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Council planning to pump the brakes

The great slowdown of the region’s roads continues with Masterton District Council’s new draft speed management plan proposing slashed speed limits around schools, marae, and on “high-risk” roads.

Residents will be consulted over the next month on the plan, should the consultation document be approved today by elected members.

It outlines a 10-year-vision and three-year implementation plan for “a whole of network approach to speed management” and involves a changed speed limit on 75 sections of Masterton’s roads.

This follows Waka Kotahi’s speed management guide and aims to provide safer roads.

The first priority in the plan is reducing speed limits near schools.

The current speed limit on roads in the vicinity of urban schools and marae is either 50kmh or 40kmh, and either 70kmh or 100km rurally.

By 2027, the council will be required by the government to have reduced the limit around schools and marae to a maximum of 30kmh in urban areas and 60kmh in rural areas. “For locations that are on through roads with higher speed limits, we propose utilising variable speed limits, as they protect pedestrian activity during high-use times while helping ensure driver acceptance and compliance,” the council’s consultation document states.

It proposes a 30kmh permanent speed limit at Chanel College, Douglas Park School, Masterton Intermediate School, Opaki School, and Tinui School; and a 30kmh variable speed limit at Lakeview School, Masterton Primary School, Makoura College, Solway School, and Te Kura Kaupapa Maori o Wairarapa.

Mauriceville School would have a 40kmh limit, Rathkeale College a 60kmh permanent speed limit, and Wainuioru School a variable limit of 60kmh.

“There is one area where we are taking a slightly different approach,” the council’s consultation document states.

“This is Pownall St, where Wairarapa College and St Matthew’s Collegiate are located.

“We propose a permanent speed limit of 40kmh from south of Wairarapa College to north of St Matthew’s Collegiate.

“The intention of this change is to improve safety outside these schools and the surrounding area, without having multiple speed limit changes within a short distance.”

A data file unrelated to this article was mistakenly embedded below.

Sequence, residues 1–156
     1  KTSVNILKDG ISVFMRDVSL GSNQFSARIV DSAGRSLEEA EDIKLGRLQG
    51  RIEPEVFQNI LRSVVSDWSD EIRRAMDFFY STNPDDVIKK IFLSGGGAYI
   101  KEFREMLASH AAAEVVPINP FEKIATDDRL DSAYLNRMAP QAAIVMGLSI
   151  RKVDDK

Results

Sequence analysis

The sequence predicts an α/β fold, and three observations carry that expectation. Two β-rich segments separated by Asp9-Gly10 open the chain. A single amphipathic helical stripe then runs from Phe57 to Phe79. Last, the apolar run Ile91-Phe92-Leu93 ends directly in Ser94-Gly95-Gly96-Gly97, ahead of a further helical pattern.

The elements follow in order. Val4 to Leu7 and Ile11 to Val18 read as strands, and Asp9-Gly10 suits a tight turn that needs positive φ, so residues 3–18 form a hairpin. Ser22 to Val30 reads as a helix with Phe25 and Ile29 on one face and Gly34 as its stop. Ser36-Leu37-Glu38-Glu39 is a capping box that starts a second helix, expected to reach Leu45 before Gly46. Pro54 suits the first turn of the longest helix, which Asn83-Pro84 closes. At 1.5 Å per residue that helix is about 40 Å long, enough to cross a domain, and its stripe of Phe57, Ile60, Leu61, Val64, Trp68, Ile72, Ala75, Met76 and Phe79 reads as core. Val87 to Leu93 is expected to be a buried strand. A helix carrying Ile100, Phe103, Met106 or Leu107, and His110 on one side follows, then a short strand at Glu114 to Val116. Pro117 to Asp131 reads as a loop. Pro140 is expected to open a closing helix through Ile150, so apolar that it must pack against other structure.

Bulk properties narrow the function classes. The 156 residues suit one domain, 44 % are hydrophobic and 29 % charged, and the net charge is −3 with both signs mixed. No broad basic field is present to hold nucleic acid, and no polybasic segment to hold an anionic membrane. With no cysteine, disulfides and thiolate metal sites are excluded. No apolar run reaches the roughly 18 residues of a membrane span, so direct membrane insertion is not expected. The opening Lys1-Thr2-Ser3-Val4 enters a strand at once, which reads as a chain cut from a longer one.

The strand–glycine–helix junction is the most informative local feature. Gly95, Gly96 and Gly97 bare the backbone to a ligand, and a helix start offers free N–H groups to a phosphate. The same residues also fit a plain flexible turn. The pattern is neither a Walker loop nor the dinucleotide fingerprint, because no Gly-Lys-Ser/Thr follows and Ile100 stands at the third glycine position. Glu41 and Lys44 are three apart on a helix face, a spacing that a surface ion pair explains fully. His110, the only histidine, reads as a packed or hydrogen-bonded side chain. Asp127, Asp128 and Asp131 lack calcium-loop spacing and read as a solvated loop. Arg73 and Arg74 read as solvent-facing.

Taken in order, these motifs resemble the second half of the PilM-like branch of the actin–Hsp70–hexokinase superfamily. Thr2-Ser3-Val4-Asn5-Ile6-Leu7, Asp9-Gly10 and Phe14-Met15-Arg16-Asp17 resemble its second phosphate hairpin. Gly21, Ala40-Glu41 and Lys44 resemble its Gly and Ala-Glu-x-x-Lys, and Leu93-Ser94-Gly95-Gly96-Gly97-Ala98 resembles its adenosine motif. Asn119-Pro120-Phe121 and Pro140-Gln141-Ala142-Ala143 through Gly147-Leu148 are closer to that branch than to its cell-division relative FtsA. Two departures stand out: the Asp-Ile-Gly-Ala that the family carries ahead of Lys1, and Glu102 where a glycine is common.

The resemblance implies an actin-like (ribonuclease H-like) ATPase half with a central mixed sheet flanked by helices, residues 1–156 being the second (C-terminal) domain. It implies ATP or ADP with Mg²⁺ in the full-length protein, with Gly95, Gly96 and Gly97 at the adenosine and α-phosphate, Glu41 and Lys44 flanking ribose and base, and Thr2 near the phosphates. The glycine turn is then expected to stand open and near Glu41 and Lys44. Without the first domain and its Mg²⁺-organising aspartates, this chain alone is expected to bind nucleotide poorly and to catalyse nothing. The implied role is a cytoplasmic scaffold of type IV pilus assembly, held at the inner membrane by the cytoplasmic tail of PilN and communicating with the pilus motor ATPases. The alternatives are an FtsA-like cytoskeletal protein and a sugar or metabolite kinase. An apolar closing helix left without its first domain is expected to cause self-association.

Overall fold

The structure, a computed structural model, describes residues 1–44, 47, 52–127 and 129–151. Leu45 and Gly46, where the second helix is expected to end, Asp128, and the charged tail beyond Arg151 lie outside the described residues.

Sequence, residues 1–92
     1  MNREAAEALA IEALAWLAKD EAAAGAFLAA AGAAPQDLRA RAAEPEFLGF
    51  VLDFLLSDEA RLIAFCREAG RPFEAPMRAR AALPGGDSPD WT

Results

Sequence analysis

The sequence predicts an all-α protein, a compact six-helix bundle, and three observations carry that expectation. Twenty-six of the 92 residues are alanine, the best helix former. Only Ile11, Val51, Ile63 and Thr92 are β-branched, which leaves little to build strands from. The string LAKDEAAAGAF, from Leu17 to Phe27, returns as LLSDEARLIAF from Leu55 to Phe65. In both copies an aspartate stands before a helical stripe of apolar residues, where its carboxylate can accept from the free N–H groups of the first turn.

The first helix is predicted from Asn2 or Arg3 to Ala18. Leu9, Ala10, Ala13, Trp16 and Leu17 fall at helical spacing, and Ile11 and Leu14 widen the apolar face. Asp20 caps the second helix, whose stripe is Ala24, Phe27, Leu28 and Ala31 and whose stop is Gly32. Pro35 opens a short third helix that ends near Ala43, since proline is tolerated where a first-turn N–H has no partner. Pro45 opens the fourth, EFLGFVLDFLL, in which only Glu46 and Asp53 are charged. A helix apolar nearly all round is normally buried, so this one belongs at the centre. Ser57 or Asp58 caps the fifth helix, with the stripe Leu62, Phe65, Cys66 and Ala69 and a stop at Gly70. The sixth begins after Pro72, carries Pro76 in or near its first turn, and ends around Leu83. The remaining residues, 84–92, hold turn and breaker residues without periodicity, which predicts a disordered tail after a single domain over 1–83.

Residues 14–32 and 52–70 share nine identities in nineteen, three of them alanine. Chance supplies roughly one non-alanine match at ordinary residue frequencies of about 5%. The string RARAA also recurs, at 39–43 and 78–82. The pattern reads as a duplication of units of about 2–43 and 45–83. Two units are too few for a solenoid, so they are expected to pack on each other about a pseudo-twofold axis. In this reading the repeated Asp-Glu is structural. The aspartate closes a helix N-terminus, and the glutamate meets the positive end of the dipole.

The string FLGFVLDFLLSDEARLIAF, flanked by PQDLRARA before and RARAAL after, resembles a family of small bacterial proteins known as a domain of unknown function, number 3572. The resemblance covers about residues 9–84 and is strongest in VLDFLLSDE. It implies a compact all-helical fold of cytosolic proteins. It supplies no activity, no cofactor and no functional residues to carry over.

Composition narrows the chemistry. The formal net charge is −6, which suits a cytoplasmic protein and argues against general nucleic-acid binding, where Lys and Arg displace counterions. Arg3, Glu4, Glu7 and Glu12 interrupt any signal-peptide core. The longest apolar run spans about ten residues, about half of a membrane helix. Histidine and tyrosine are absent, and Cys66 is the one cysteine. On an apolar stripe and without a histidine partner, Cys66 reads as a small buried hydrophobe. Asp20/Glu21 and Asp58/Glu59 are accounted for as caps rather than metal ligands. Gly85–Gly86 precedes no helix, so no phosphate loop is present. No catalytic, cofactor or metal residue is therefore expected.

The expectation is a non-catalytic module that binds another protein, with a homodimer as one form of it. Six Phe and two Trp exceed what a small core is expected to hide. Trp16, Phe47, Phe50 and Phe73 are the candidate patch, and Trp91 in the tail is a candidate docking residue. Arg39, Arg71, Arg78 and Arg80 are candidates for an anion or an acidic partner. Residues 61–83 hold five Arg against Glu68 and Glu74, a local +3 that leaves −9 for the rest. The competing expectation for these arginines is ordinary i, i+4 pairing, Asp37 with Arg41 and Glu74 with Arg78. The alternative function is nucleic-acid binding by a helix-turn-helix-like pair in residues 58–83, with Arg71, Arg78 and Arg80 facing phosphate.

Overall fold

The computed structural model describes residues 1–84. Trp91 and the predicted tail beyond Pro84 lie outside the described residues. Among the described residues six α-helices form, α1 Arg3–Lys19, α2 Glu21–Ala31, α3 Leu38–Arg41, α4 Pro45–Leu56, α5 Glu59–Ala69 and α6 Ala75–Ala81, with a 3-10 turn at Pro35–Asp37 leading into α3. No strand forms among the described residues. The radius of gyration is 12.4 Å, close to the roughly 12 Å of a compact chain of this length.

As part of the draft speed management plan the council reviewed crash data for roads within the Masterton District for 2012-2021.

Travel speed was indicated as being a contributing factor in 35 per cent of all fatal and serious crashes on the local road network in that time.

The council said this indicated that inappropriate speed [not necessarily above the speed limit] played a significant part in the number of crashes in this district.

Roads that have had three or more serious or fatal crashes in this period have been considered high-risk roads.

The council does not propose to make changes to high-risk roads before 2027, unless there are significant changes to the road conditions and assessed risk.

The following “high-risk” roads are proposed to have speed limit changes: Akura Rd, Gordon St [urban growth area], Kibblewhite Rd, Ngaumutawa Rd, Te Ore Ore-Bideford Rd, Paierau Rd, Lees Pakaraka Rd, Te Whiti Rd, and Masterton-Castlepoint Rd.

The section of Akura Rd that is 70kmh would drop to 60kmh and the 100kmh section would drop to 80kmh, while the adjoining Kibblewhite Rd would also drop from 100kmh to 80kmh.

Three sections of Ngaumutawa Rd will have a reduced speed limit, and one section is increasing from 50kmh to 60kmh.

Te Ore Ore-Bideford Rd would drop from 100kmh to 80kmh, as would Paierau Rd and parts of Te Whiti Rd.

Lees Pakaraka Rd would drop from 80kmh to 60kmh.

Gordon St would drop from 80kmh to 60kmh.

Parts of Masterton-Castlepoint Rd would also be reduced to 80kmh and 60kmh.

Should the council approve the consultation document today, feedback will be open until May 1, and a hearing held on May 17 and 18, with deliberations on June 7.

The council is currently set to adopt the plan on June 28, with Waka Kotahi certification following in July. – NZLDR

    Public Interest Journalism funded through NZ On Air

Emily Ireland
Emily Ireland
Emily Ireland is Wairarapa’s Local Democracy Reporter, a Public Interest Journalism role funded through NZ On Air. Emily has worked at the Wairarapa Times-Age for seven years and has a keen interest in council decision-making and transparency.

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